Furness Abbey

Furness Abbey: Barrow-in-Furness 01229-823420

Furness Abbey Furness Abbey Furness Abbey Furness Abbey

Furness Abbey is the beautiful hidden gem of Furness, I say hidden because if the ruins were in a more accessible tourist area the place would be inundated with visitors.

The Abbey lies between Barrow-in-Furness and Dalton in the southern part of the Furness peninsula. The location was well chosen by the monks as it was well sheltered and had plenty of resources close to hand such as water, timber and stone for building. For over 400 years the abbey enjoyed wealth and prosperity, indeed the abbey was the second richest in the land after Fountains Abbey in Yorkshire (another fine place to visit).

The abbey started as a lower order of Savigniac monks who were to settle at Tulketh near Preston in 1124. After three years the monks relocated and Furness Abbey was founded in 1147. The congregation of Savigny were incorporated into the more powerful Cistercian Order and became a Cistercian monastery.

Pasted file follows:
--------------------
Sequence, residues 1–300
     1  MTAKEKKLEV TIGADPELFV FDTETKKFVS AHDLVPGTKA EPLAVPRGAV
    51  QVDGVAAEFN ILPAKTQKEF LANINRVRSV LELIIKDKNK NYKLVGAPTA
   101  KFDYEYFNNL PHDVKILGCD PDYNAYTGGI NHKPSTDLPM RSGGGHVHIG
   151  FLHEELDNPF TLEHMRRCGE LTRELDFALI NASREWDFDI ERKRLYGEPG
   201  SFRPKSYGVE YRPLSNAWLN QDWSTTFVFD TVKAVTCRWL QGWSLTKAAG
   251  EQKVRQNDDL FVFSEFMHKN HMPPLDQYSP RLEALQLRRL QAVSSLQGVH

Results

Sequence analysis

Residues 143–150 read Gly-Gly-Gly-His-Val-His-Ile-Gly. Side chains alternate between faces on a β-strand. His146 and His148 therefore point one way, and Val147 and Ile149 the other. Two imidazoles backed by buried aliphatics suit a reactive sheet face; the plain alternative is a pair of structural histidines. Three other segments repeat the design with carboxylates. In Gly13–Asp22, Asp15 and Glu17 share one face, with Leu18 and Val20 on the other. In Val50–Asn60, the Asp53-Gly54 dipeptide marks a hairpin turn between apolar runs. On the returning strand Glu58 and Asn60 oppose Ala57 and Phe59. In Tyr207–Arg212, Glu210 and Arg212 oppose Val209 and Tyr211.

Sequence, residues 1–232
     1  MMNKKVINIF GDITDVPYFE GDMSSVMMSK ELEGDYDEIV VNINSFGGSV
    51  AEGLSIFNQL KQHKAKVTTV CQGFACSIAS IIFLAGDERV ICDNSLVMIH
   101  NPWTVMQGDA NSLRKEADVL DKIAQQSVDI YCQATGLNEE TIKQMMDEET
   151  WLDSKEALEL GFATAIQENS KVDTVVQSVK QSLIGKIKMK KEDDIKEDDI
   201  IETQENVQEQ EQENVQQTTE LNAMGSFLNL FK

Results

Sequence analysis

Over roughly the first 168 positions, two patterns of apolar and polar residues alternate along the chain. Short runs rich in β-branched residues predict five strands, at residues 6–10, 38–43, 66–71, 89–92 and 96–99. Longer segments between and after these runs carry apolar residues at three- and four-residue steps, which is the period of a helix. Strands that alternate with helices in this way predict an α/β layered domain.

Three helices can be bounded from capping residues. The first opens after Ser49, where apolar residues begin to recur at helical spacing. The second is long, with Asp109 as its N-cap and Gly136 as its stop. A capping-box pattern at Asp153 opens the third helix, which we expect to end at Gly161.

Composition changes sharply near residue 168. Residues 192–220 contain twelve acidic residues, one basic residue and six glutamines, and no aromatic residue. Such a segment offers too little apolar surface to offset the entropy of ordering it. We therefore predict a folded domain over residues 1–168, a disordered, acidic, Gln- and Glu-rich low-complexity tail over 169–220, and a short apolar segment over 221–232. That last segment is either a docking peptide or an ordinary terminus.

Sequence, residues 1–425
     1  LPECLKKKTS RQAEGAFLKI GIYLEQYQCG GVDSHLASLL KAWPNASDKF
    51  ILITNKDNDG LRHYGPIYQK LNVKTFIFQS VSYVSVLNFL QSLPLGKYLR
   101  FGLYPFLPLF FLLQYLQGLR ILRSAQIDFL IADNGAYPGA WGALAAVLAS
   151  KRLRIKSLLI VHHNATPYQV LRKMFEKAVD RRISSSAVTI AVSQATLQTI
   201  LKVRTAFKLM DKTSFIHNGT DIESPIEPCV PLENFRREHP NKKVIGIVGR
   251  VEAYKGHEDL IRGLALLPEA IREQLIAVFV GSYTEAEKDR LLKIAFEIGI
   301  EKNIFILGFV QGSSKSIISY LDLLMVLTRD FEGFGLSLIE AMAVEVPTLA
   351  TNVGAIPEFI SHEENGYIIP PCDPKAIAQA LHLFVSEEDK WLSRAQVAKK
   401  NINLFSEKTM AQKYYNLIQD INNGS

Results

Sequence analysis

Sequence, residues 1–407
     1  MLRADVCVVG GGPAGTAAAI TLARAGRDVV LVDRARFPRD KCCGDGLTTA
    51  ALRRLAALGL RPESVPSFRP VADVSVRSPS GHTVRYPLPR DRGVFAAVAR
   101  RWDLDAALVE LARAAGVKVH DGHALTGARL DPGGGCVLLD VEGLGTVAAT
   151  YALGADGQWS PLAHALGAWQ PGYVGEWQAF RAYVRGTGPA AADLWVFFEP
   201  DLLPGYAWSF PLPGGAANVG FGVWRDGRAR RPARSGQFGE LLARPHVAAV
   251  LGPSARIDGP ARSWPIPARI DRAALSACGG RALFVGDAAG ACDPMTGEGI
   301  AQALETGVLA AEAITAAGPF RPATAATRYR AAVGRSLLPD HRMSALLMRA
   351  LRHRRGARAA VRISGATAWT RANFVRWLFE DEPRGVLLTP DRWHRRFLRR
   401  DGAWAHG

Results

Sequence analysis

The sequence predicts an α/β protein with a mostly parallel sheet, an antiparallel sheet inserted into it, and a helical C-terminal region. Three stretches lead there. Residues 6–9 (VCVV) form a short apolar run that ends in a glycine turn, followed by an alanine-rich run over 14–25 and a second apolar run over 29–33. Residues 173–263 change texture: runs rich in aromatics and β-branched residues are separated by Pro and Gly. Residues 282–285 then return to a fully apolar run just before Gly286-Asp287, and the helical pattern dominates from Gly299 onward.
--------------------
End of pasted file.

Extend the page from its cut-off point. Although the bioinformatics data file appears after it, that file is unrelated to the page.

Around 1536 Henry V111 wanted to bring the churches under state control and the abbey was eventually given up to the King, the deed of surrender was signed on the 9th April 1537.

Today the ruins are a great place to spend time strolling around on a nice day. The entrance to the abbey is through the excellent visitors centre that houses various ancient artefacts from the Abbey. It is worth noting if you live local, by going to the town hall with your poll tax bill and a utility bill you can get a free pass that you can use as many times as you want, so if you fancy a free stroll around the Abbey on a Sunday afternoon its there for you.

Furness Abbey Furness Abbey Furness Abbey

Close to Furness Abbey is the amphitheatre, a great place to go and stretch the legs and let the kids have a run about. Not used for many social events lately but many people will remember from way back when it was used for an annual show with the finale of the black knights parachute team landing in the middle. It was not unknown for the odd one to end up in a tree. Situated at the amphitheatre is the recently refurbished cafe and a nice place to sit and have a cup of tea while you get your breath back having climbed up the hill and back. Located outside the cafe are sandstone statues that compliment the great setting of the abbey.

cafe at the abbey statue with the amphitheatre behind statue with Furness Abbey behind

Back to the attractions page

Back to the home page